, Hom. Strab. Paus.; Πανόπη
, Hes. ap. Strab. ix. p. 424; Steph. B. sub voce Ov. Met. 3.19
; Stat. Theb
. 7.344; Πανοπέαι
, Hdt. 8.34
, said by Strab. ix. p.423
, to be its name in his time, but the form also occurs in Thuc. 4.89
, Steph. B. sub voce
Phanotea, Liv. 32.18
, Eth. Φανοτεύς
), an ancient town of Phocis, near the frontier of Boeotia, and on the road from Daulis to Chaeroneia. Pausanias says that Panopeus was 20 stadia from Chaeroneia, and 7 from Daulis (9.4. § § 1, 7); but the latter number is obviously a mistake.
The ruins at the village of Aio Vlasi
), which are clearly those of Panopeus, are distant about 20 stadia from Képurna [p. 2.543]
(Chaeroneia), but as much as 27 stadia from Dhavlía
(Daulis). Panopens was a very ancient town, originally inhabited by the Phlegyae. Schliedius, the king of Panopeus, and his brother, were the leaders of the Phocians in the Trojan War. (Paus. 10.4.1
.) Panopeus was also celebrated for the grave of Tityus, who was slain by Apollo at this place. because he attempted to offer violence to Leto on her way to Delphi. (Hom. Od. 10.576
; Paus. 10.4.5
.) Panopeus was destroyed by Xerxes (Hdt. 8.34
), and again by Philip at the close of the Sacred War. (Paus. 10.3.1
It was taken by the Romans in is. 100.198, on the first attack (Liv. 32.18
; Plb. 5.96
); and was destroyed for the third time in the campaign between Sulla and Archelaus, the general of Mithridates. (Plut. Sull. 16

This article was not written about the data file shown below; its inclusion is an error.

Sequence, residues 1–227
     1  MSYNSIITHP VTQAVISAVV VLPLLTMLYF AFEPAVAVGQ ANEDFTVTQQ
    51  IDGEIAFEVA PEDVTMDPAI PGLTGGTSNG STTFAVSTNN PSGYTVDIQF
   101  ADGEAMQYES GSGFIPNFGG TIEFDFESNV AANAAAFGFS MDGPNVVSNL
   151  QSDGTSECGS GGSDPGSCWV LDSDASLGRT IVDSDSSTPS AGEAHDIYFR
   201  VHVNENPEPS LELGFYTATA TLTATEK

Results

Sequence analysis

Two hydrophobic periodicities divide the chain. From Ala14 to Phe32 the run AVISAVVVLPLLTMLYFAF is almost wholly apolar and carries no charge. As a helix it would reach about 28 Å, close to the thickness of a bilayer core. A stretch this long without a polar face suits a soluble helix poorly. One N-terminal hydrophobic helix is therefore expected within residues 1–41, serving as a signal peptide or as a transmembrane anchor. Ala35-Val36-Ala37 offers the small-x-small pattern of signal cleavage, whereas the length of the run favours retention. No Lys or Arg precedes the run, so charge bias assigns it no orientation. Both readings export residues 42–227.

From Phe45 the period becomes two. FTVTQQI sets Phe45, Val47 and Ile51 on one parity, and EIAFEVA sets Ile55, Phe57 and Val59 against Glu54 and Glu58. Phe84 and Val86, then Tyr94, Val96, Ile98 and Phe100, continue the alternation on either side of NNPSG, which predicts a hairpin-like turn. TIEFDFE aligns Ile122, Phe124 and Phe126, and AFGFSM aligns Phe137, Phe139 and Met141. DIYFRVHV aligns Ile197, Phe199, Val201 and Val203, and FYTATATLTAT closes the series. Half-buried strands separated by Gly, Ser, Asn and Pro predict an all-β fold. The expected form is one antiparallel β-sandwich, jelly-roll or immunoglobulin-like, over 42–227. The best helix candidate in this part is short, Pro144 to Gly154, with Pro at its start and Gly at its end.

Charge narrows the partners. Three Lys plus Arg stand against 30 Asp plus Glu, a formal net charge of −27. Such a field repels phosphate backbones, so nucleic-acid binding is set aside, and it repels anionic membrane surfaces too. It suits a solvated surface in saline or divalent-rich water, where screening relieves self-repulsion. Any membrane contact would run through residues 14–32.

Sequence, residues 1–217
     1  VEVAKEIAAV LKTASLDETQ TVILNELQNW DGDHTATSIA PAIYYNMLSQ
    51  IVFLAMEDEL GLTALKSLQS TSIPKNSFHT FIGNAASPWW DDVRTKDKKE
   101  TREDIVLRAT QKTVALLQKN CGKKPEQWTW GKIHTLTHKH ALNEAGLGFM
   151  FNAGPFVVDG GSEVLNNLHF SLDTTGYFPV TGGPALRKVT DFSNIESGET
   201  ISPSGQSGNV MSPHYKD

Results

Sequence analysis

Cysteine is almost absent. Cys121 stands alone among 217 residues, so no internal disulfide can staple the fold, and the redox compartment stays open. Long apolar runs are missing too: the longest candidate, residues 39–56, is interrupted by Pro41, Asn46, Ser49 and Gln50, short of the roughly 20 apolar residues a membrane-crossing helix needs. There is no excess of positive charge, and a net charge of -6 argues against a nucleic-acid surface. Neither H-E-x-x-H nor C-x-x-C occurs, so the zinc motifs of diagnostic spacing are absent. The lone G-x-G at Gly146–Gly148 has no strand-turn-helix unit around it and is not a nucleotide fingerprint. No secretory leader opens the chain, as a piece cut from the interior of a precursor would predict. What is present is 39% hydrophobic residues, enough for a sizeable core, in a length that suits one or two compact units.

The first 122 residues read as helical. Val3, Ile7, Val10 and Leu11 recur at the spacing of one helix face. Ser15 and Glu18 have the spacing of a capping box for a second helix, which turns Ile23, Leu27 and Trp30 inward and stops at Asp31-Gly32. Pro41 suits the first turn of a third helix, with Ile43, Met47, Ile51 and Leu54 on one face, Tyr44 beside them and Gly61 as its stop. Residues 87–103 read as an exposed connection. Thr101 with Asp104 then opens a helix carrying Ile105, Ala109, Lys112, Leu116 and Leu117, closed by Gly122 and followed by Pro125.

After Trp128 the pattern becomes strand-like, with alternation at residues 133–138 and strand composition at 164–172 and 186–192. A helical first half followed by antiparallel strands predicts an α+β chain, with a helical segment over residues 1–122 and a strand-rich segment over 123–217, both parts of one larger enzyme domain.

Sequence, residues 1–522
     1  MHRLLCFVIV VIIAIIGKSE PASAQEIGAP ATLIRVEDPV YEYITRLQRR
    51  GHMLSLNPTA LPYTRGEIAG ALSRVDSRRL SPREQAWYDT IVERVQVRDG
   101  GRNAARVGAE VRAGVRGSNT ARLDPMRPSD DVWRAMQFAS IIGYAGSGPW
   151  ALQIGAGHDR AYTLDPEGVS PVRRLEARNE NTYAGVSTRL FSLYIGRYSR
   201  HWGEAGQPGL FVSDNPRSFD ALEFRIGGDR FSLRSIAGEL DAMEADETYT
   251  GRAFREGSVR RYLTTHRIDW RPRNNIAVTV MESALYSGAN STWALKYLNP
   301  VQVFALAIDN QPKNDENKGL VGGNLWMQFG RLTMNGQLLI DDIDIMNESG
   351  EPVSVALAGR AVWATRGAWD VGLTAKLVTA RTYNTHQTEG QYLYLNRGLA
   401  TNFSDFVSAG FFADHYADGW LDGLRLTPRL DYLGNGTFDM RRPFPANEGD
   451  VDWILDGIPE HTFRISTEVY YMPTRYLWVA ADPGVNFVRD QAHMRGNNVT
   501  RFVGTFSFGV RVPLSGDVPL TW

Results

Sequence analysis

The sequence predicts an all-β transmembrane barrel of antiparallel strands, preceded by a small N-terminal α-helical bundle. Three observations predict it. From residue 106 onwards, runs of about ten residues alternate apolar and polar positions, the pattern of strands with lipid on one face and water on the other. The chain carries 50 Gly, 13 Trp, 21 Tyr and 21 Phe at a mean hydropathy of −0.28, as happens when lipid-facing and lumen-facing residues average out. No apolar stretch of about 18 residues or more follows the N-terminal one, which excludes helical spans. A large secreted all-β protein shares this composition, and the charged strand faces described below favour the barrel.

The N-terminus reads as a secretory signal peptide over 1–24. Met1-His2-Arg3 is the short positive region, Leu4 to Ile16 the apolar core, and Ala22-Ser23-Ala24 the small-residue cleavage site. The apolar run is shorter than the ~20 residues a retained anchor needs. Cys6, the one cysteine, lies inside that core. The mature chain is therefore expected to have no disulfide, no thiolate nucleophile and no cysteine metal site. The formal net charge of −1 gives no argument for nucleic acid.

.) Pausanias says that the ancient city was 7 stadia in circuit ; but in his time the place consisted of only a few huts, situated on the side of a torrent.
There are still considerable remains of the ancient walls upon the rocky heights, above Aio Vlasi.
The masonry is of different periods, as one might have expected from the twofold destruction of the city.
There are no longer any remains of the tomb of Tityus, which, according to Pausanias, was the third of a stadium in circumference, and stood on the side of the torrent. Pausanias also mentions on the side of the Sacred Way a building of unbaked bricks, containing a statue of Pentelic marble, which was supposed to be intended either for Asclepius or Prometheus.
It was believed by some that Prometheus made the human race out of the sandy-coloured rocks ill the neighbourhood, and that they still smelt like human flesh. (Dodwell, Classical Tour,
vol. i. p. 207; Leake, Northern Greece,
vol. ii. p. 109; Ulrichs, Reisen, &c.